Monday, 25 March 2013
Bandhu in the Upanishads: Background note for Twitter session 25/03/2013
When we hear the word, upaniṣad our most immediate response is "ātman=brahman" because that is indeed the central and most powerful philosophical idea of the upaniṣad. This idea is so overpowering that it eclipses everything else recorded in the upaniṣads. The upaniṣads are in fact complex, varied texts that address even the everyday concerns of human beings, like how to attract the affection of a woman you like and observations about the cosmic fire within us which we can hear if we press our ears closes with our fingers. (Try it!)
They were composed at a time of tremendous social, economic and religious upheaval, and they document the transition of Hinduism from the ritualism of the early Vedic era to the emergence of central religious concepts that define the religion as we know it today. Ideas such as the law of karma regulating the rebirth process, and the techniques of liberation from the cycle of rebirth. Generally, the early Vedic corpus comes to be called karmakāṇḍa (ritual) and the upaniṣads are called the jñānakāṇḍa (salvific knowledge).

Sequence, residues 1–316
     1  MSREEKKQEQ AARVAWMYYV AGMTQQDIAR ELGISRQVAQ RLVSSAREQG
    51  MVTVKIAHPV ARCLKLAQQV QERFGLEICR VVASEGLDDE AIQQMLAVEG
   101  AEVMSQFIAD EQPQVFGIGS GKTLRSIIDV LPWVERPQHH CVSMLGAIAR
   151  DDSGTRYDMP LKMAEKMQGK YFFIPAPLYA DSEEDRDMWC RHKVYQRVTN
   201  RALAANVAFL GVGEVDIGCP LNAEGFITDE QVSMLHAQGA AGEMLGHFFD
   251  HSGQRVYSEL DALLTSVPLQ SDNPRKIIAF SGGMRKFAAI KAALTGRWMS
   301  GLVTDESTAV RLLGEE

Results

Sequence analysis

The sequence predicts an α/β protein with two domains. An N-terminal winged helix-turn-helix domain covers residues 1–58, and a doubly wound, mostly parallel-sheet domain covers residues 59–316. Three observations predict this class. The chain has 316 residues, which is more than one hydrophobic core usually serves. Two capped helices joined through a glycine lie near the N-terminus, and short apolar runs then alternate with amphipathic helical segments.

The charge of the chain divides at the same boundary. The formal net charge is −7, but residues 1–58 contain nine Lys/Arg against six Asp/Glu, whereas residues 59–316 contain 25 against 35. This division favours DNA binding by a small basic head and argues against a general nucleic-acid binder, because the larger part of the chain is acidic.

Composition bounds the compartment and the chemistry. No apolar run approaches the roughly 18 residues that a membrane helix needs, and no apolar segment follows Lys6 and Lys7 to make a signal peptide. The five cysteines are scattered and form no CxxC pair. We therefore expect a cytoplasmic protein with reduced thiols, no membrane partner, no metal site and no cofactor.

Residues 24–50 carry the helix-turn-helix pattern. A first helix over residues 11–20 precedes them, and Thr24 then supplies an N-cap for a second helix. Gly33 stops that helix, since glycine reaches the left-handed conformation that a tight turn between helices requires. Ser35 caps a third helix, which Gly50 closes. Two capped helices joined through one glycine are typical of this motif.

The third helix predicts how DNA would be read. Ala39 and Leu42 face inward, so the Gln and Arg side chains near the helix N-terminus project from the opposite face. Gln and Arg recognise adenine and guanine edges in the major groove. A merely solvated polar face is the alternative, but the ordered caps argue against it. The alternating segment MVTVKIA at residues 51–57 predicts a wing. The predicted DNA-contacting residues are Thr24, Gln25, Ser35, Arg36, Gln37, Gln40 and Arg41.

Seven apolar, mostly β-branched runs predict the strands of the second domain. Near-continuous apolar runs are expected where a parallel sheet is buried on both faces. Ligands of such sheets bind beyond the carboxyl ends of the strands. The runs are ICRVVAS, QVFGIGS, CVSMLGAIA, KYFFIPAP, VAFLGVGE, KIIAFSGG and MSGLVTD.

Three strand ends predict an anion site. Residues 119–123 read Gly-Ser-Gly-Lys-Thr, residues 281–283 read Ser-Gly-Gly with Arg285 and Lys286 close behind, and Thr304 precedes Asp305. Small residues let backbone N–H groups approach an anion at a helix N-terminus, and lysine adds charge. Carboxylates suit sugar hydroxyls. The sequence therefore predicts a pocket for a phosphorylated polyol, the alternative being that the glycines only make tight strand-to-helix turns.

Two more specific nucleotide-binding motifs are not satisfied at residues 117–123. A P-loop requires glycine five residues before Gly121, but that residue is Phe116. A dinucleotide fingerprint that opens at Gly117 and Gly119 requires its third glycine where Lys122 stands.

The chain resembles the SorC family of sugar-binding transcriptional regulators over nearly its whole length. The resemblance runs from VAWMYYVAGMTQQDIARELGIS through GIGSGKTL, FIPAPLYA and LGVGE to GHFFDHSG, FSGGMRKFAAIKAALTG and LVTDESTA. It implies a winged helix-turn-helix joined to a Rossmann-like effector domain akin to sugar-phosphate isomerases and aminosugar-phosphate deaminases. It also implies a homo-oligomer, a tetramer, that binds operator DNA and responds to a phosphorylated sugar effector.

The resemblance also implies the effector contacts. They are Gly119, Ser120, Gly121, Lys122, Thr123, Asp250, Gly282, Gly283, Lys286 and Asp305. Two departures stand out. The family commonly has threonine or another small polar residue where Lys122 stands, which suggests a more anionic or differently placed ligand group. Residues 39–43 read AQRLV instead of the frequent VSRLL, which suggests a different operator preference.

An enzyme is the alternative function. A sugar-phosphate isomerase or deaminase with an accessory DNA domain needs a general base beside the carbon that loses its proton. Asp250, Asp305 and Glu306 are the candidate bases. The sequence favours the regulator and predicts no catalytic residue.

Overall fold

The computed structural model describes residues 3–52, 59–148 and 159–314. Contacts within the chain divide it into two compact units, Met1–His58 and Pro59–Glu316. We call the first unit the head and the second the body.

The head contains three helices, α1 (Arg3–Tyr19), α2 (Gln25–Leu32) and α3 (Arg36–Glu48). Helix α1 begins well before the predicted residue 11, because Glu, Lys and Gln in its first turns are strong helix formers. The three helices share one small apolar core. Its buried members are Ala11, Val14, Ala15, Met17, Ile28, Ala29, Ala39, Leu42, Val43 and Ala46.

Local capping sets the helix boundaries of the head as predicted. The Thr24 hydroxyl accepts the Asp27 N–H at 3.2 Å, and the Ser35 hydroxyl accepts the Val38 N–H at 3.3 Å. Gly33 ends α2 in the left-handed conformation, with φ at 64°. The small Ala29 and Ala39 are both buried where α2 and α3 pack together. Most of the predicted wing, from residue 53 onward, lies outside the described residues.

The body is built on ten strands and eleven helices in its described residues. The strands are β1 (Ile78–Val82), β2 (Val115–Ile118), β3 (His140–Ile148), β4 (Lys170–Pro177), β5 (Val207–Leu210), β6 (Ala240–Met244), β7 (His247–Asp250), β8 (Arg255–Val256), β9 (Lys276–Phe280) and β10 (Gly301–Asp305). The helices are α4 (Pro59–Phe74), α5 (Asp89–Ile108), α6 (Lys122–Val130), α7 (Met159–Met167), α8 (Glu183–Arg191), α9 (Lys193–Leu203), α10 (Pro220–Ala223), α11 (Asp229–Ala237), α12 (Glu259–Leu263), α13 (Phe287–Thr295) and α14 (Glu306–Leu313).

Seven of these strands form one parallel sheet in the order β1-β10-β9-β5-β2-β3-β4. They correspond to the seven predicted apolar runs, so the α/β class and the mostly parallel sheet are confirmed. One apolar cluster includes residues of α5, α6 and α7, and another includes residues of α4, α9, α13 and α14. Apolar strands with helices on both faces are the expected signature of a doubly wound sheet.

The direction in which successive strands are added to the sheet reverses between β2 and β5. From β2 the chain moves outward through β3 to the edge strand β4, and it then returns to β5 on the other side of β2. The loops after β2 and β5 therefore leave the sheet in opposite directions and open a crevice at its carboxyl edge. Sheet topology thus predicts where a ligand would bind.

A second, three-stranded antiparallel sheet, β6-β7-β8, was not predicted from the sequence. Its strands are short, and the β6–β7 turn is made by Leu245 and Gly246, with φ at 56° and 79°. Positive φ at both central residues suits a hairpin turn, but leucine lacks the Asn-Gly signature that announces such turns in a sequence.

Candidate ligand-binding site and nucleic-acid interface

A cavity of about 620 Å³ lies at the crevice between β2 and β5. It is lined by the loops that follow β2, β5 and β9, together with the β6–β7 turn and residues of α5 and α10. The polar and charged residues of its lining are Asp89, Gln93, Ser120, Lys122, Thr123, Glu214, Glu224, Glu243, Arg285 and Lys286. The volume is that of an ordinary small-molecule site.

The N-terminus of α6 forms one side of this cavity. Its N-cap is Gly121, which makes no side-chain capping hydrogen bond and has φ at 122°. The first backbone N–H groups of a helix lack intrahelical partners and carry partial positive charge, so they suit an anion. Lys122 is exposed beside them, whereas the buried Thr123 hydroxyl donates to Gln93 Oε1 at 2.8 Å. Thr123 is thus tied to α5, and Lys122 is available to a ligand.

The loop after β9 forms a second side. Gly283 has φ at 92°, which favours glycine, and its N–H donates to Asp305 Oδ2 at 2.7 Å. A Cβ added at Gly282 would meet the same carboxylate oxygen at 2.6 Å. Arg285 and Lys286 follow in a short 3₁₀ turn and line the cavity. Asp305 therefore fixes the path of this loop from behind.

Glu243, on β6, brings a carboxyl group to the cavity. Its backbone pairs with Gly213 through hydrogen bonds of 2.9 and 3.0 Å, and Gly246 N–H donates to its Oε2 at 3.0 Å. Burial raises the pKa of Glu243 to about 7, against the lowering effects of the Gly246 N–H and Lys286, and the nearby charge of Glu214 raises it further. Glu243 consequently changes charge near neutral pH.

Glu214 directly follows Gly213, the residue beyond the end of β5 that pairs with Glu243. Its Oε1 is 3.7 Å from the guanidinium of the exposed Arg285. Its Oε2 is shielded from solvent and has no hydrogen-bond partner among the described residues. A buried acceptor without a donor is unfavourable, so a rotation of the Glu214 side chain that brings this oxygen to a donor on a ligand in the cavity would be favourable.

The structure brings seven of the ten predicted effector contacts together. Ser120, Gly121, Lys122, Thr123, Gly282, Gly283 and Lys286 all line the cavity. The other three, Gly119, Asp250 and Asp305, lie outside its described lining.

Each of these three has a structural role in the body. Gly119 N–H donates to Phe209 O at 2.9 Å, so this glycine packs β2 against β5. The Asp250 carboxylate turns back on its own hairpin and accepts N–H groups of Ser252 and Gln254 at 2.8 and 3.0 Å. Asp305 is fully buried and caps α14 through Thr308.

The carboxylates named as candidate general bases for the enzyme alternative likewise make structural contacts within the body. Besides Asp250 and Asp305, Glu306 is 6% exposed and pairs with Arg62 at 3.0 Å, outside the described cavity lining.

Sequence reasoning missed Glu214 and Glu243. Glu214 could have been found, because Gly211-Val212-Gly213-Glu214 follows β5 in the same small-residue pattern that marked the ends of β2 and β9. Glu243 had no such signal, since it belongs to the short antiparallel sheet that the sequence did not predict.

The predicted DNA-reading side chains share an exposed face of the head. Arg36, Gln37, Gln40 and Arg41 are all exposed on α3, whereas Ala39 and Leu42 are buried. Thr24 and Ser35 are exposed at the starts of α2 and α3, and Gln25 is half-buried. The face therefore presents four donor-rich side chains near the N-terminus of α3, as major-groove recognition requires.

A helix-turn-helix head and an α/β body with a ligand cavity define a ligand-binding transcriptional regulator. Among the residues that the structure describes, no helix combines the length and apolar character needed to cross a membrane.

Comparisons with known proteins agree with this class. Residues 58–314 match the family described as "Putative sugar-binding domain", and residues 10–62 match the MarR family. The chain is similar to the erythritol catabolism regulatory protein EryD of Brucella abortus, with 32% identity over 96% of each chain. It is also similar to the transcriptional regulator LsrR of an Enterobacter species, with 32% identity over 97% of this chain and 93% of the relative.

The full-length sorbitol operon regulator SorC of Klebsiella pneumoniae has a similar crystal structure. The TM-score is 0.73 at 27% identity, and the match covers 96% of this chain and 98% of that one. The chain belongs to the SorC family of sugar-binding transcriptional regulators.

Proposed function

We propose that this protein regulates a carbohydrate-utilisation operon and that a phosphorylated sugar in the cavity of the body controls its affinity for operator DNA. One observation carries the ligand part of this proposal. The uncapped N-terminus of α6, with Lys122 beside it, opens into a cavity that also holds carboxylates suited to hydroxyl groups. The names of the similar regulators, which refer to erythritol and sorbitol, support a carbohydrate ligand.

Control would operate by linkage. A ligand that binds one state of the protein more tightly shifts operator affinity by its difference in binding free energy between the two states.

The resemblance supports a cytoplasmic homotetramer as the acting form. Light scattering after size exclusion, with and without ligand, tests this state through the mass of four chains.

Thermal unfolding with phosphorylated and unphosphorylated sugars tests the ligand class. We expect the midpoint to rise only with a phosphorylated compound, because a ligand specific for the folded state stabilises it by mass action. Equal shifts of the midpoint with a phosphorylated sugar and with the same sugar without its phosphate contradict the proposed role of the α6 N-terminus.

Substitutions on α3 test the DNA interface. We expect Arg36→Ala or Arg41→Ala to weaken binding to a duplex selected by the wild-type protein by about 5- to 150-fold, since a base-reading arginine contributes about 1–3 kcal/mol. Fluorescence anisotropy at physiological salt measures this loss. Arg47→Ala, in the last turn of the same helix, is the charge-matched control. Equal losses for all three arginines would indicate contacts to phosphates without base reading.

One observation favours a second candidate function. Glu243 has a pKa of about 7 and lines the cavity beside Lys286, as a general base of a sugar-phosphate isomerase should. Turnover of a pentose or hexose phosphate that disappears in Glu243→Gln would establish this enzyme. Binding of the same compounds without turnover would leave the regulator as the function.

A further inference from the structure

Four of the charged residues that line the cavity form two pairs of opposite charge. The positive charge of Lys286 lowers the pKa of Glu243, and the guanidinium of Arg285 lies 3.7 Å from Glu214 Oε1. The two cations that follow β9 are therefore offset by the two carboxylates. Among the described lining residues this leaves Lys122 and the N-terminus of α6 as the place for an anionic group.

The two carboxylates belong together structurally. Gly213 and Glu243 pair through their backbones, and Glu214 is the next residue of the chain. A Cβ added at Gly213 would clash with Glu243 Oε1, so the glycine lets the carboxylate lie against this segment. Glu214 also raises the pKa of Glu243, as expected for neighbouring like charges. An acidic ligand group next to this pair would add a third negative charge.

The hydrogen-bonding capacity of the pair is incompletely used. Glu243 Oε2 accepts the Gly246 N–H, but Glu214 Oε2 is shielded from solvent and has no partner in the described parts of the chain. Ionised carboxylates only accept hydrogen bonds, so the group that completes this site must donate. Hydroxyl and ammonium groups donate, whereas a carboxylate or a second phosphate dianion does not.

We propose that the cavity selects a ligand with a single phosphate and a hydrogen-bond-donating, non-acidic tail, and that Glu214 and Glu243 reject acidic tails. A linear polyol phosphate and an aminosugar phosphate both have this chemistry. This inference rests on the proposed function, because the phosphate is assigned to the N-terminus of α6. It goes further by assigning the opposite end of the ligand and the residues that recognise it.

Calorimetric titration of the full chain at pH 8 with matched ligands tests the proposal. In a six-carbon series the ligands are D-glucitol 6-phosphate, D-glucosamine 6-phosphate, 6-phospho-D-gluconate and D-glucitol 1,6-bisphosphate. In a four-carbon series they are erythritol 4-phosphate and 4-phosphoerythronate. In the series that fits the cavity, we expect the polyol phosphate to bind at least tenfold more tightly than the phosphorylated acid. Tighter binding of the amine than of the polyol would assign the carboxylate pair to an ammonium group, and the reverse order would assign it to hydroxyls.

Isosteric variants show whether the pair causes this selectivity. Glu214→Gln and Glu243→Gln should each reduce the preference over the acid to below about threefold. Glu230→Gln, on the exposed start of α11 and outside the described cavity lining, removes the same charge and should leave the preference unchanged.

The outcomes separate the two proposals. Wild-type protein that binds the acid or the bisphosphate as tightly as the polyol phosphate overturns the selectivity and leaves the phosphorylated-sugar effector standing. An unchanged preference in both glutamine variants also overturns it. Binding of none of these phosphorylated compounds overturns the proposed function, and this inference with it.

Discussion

The earliest upaniṣads are generally regarded as pre-buddhistic and are written in prose. Later texts are written in verse and display distinct theistic tendencies. But the overwhelming theme is the rejection of external ritual as a path to salvation. Composed over a period of nearly 600 years, these texts are considered the most fundamental religious texts by almost all Hindus. Like the samhitas and the brāhmaṇas before them, the upaniṣads belong to specific Vedic śākhās (lit. branches) like so*:
In today's Twitter session we will be looking at a text that exemplifies a key upaniṣadic concept - that of 'bandhu' or equivalence. How do we get 'from me and you' to a single universal substratum? Let's find out in #SanksritAppreciationHour. Join me at 3pm GMT today on Twitter.
* Table is taken from the Wikipedia page on Upanishads.